A process to rival traditional lithography approaches, and which can be used to create microwire networks, is now a step closer to real applicability in future electronics. By optimizing the processing conditions for ‘evaporative lithography’, a research team from Singapore and Australia has maximized the connectivity and conductivity of the microwire networks that conduct electricity1.
“Evaporative lithography could offer a cost-effective and environmentally friendly bench-top alternative to existing lithographic techniques such as photolithography, soft lithography and nanoimprinting,” says team member Ivan Vakarelski from the A*STAR Institute of Chemical and Engineering Sciences, Singapore. He explains that the team is aiming primarily at creating large conducting microwire networks that, when deposited onto a glass substrate, could be used as transparent electrodes. These could be an alternative to the industry standard of indium tin oxide coatings, which would help circumvent the high cost and limited supply of indium.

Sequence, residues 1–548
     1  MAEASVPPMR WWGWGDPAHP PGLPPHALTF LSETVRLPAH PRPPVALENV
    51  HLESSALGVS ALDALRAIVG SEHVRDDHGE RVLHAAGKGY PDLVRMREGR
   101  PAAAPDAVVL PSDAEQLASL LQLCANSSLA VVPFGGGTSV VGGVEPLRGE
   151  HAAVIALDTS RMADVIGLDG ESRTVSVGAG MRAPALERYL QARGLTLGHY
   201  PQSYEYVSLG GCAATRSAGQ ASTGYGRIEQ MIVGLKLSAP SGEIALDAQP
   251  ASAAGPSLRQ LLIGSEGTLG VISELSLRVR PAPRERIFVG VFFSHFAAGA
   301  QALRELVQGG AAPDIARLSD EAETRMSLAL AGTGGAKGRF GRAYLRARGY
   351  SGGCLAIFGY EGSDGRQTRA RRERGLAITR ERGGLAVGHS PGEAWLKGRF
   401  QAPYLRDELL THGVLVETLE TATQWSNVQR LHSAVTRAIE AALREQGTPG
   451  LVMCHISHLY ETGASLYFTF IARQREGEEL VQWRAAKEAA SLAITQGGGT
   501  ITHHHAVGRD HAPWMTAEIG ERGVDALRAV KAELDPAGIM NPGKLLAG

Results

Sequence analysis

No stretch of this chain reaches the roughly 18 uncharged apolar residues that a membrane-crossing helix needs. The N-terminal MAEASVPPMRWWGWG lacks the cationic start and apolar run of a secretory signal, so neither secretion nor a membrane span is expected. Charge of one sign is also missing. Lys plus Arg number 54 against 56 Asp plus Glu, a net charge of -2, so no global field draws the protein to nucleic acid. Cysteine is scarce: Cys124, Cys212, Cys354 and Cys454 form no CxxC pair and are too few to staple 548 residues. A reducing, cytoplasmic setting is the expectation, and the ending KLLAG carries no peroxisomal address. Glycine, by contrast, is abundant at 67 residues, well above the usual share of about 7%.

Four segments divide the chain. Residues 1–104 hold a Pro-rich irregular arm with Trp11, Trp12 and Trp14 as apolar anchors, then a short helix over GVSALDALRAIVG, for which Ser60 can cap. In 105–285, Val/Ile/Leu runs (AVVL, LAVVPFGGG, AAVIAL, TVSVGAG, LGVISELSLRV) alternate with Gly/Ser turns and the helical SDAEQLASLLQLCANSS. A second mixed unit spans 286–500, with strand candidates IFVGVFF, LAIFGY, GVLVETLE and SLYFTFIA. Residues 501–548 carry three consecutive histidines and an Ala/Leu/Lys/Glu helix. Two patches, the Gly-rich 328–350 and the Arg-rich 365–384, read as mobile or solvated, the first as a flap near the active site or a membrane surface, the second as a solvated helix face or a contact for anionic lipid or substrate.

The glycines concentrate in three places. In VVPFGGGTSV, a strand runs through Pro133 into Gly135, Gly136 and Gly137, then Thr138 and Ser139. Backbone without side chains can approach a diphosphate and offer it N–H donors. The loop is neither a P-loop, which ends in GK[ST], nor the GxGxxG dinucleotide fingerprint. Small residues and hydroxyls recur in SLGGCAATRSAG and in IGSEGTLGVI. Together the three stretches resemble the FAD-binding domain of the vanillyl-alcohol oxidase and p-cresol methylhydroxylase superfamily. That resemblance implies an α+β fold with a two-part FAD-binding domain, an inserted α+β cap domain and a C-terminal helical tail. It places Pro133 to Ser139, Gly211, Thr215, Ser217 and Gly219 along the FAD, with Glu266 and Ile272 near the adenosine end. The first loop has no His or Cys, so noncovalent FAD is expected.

Vakarelski and his co-workers created the microwire networks from solutions of gold nanoparticles of 20 nanometers diameter. As in their earlier work2, they first established a template of much larger latex microparticles on a substrate, then deposited solutions of the nanoparticles on top and allowed them to dry gradually. Surface tension then drove the solution into lines that formed ‘bridges’ between neighboring latex particles (Fig. 1). Once the pattern was completely dry and the researchers removed the latex particles, the gold nanoparticles from the solution remained in a network of microwires.
The network pattern depends on the original positioning of the latex particles in the template, allowing different microwire designs to be easily realized. Vakarelski and his co-workers found that the networks can be improved for maximum conductivity and connectivity by adding a surfactant and treating the latex spheres with heat and oxygen plasma. They believe that these factors act to stabilize the latex spheres and the liquid bridges during drying to encourage full microwire networks to form.
Vakarelski is optimistic that the technique will progress to a level such that it will be used in manufacturing processes. He explains that this can be achieved by adapting the template production and expanding the size capacity to the scale of silicon wafers used in electronics.
The team’s approach potentially has broader applications beyond electronics. “We can create special functional networks using semiconducting particles,” Vakarelski says. Other examples include magnetic particles, carbon nanotubes, DNA, proteins and other macromolecules and even mixtures of these to create networks and nodes with desired properties.